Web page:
IT Systems Management – Preface

Designing, Implementing, and Managing World-Class Infrastructures

First edition; 528 pages
ISBN 0-13-087678-X
( by: Rich Schiesser )


Few industries have grown as rapidly or as widely as that of information technology (IT). What began as an infant offshoot of the accounting profession a mere 40 years ago has since matured into a prevalent and compelling force in nearly every segment of business, industry, and society in general. IT is the latest, and most significant, of cultural revolutions.

Futurist author Alvin Tofler, in his book on cultural phenomena, The Third Wave, describes three significant movements in American social development. These were the agricultural revolution of the late 1800’s, the industrial revolution of the early 1900’s, and the information revolution of the last two decades of the twentieth century.

Some 30 years ago Tofler correctly forecast many today’s social and technological trends. But even he could not predict the rapid rate of progress that the IT industry would sustain, nor its profound impact on living standards and business practices.

Much has been written about various IT breakthroughs involving chip technology, compiler designs, hardware components, and programming languages. But little has been written about how to manage effectively the environment in which IT entities co-exist and thrive. This environment is commonly called the IT infrastructure. The process of managing the many attributes that contribute to a stable, responsive IT infrastructure is known as systems management.

This book offers a historical perspective of the various disciplines of system management, along with an in-depth technical treatment of each of them. The historical background explains the when and why of each discipline to enable a better understanding of its purpose and evolution. The technical treatment or process discussion of each discipline shows how to implement and manage each one effectively, regardless of the size or type of platform. For the first time, this book addresses systems management as it applies to mainframe data centers, midrange shops, client-server environments, and web-enabled systems alike.

The 12 disciplines of system management are presented in the approximate order in which they became prevalent and integral to an infrastructure’s operation. Obviously this prioritization will vary slightly from enterprise to enterprise, depending on the emphasis of applications running at a particular center.

IT Automation
The Quest for “Lights Out”: Data center automation in distributed environments.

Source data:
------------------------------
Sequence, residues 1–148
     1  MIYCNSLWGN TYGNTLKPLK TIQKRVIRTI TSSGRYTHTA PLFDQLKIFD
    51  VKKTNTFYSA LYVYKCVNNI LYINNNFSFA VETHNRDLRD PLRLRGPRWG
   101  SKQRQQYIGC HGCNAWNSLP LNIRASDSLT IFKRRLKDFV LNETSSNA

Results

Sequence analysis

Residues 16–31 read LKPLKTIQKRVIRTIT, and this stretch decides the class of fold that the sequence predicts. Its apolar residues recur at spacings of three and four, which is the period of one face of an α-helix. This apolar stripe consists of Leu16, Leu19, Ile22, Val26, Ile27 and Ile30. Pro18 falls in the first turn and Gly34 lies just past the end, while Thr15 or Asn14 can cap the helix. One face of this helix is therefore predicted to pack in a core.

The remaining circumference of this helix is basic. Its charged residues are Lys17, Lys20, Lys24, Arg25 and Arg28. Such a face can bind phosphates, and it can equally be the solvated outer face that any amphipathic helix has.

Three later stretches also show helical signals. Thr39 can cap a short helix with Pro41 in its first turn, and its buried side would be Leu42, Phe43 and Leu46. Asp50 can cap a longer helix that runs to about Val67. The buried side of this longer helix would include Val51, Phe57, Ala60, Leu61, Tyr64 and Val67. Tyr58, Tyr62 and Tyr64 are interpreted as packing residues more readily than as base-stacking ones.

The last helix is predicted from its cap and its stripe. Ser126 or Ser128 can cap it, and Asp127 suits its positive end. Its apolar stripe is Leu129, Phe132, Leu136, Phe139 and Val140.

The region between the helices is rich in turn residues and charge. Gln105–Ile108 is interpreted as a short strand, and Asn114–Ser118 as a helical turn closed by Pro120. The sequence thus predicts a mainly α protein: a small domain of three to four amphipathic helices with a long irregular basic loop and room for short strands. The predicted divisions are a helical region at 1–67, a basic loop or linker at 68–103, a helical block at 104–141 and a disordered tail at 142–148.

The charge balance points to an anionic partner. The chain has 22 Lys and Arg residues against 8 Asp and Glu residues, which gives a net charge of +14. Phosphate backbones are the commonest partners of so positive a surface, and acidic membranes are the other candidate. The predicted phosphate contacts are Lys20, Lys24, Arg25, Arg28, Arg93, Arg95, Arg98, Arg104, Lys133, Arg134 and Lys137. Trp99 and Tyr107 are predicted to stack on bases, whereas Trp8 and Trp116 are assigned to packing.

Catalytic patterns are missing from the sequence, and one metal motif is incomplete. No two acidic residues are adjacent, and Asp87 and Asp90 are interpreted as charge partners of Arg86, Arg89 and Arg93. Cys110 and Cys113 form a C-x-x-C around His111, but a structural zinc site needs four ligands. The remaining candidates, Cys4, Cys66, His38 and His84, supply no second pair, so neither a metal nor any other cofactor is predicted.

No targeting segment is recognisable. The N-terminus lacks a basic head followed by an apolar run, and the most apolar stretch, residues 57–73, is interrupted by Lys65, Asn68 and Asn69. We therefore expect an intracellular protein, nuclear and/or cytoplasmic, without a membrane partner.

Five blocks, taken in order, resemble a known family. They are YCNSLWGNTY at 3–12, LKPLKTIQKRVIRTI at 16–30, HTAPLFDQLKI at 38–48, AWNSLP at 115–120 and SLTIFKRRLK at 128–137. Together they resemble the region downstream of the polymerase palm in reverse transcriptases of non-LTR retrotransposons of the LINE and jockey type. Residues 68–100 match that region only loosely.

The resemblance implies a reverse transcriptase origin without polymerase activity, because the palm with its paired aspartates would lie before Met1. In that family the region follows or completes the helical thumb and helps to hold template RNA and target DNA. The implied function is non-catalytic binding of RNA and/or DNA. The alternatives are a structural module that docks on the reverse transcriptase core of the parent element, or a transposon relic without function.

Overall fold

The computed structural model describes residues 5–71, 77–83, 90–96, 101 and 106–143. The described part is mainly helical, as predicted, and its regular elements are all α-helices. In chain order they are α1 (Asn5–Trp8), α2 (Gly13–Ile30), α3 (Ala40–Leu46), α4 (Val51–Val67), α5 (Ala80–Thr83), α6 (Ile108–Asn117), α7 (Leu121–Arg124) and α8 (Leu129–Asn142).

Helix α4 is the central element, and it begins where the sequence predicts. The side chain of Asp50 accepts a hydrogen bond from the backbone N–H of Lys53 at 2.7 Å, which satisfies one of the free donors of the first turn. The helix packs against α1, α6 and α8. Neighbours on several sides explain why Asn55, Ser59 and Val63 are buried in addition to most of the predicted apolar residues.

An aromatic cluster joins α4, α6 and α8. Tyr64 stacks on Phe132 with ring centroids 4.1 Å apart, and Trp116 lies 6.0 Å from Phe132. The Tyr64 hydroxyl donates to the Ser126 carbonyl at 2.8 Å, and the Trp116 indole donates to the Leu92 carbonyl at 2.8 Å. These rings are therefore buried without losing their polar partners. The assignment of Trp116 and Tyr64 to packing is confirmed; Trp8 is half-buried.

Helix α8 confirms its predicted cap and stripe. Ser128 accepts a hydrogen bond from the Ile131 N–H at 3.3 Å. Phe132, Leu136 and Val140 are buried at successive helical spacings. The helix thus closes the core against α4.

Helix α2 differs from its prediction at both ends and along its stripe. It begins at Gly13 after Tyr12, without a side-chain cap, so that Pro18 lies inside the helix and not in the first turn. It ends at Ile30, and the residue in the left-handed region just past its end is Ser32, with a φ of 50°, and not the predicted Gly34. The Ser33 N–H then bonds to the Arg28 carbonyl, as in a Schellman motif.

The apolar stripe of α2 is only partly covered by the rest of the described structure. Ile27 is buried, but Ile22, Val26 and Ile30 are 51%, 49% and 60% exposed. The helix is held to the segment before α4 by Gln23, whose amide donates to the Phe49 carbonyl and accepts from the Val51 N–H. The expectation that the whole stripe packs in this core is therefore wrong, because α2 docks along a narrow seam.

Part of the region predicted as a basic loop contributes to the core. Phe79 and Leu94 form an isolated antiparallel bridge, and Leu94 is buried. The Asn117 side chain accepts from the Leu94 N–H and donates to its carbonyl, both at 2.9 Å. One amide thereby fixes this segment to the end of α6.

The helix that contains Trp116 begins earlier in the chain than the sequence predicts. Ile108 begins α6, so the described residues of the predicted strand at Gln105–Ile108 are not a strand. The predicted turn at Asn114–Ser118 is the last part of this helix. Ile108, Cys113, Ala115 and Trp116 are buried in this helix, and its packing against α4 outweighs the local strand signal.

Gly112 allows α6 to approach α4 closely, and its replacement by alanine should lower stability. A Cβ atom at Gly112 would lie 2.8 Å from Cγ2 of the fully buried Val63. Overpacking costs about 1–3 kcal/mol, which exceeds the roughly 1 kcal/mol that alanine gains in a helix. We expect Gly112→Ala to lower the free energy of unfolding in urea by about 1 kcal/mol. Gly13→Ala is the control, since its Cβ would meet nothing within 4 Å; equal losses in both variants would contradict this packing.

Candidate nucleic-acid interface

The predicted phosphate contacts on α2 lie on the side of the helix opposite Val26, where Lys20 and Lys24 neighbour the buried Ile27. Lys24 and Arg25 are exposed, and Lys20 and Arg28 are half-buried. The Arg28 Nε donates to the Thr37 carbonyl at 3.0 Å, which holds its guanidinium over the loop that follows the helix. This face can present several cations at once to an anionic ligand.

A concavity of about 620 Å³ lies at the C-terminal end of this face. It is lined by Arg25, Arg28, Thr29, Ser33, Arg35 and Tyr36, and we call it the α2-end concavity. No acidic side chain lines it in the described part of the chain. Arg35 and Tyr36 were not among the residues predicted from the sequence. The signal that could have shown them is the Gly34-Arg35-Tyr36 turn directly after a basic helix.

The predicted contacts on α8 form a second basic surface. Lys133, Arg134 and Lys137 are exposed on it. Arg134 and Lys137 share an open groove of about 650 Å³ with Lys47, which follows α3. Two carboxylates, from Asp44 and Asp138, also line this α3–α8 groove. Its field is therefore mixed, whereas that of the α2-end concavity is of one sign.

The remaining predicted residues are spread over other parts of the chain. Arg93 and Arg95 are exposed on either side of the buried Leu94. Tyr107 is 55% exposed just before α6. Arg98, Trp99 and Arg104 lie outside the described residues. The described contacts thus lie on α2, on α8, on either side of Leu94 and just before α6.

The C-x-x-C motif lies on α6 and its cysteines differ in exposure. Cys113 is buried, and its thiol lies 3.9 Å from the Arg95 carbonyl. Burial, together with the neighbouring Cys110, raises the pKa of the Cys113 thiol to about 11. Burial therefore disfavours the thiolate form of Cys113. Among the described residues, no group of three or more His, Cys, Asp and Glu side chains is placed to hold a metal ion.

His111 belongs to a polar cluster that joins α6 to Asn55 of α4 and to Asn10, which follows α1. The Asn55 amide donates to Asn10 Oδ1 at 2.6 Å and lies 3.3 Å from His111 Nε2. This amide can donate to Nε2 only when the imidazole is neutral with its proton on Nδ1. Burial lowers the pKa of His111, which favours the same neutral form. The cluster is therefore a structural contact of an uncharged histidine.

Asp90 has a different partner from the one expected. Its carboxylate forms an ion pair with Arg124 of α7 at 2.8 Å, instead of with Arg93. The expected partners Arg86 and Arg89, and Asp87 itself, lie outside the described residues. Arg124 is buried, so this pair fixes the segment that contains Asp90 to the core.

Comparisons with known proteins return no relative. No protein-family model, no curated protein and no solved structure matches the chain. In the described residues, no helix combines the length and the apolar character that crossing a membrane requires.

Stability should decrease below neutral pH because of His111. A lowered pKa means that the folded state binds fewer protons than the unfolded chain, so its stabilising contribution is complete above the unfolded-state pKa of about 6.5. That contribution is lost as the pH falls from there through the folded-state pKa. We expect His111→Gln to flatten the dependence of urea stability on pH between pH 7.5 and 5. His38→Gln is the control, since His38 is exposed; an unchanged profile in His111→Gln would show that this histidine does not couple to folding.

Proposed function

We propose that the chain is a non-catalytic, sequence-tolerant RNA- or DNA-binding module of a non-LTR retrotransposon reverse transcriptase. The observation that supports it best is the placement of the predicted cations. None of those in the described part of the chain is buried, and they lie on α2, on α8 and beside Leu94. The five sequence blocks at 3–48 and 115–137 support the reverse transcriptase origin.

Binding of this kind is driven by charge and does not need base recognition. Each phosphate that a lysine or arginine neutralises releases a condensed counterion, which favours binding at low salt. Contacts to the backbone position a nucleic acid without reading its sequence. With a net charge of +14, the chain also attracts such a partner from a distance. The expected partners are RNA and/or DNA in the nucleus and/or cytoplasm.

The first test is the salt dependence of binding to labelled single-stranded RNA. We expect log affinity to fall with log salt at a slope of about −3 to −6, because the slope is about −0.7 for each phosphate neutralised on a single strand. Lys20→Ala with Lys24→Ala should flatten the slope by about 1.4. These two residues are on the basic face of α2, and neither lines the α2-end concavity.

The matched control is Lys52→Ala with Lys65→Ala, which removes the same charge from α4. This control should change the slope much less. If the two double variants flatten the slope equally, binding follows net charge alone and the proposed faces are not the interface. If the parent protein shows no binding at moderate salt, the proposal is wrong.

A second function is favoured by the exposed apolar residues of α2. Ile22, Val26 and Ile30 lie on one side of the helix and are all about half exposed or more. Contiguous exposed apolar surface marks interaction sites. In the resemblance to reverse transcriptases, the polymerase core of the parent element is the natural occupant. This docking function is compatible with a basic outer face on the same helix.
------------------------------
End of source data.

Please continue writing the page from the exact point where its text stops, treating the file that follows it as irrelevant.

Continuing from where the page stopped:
CIO Wisdom
Best Practices from Silicon Valley’s Leading IT Experts
IT Services
Costs, Metrics, Benchmarking, and Marketing: Delighting IT customers: your real-world, start-to-finish guide
CIO Wisdom II
More Best Practices from Leading IT Experts
IT Architecture Toolkit
Less theoretical, more practical approach to developing and implementing enterprise architecture.
IT People
Doing More with Less. Best practices for managing the people within the IT organization.
Data Warehousing
Architecture and Implementation: A start-to-finish process for deploying successful data warehouses
Building Professional Services
The Sirens’ Song: A comprehensive guide to creating a professional services organization
IT Problem Management
The complete “best practices” guide to IT problem resolution.
IT Organization
Building a World-Class Infrastructure.
IT Web Services
A Roadmap for the Enterprise: Architectures, platforms, roles, business models, and deployment realities.
Software Development
Building Reliable Systems.
IT Production Services
Building Competitive Advantage: Describes one of the most important functions of an IT infrastructure
Managing IT as an Investment
Partnering for Success: Maximizing the value of technology—and the success of your IT organization.
High Availability
Design, Techniques and Processes: The complete how-to guide for maximizing availability of enterprise systems
IT Systems Management
Design, Implement, and Manage World-Class Infrastructures.
Technology Strategies
Managing technology, value, and change in the new economy.
Web-Based Infrastructures
A 4-D Framework: Maximize the value of your next Web-centered initiative.

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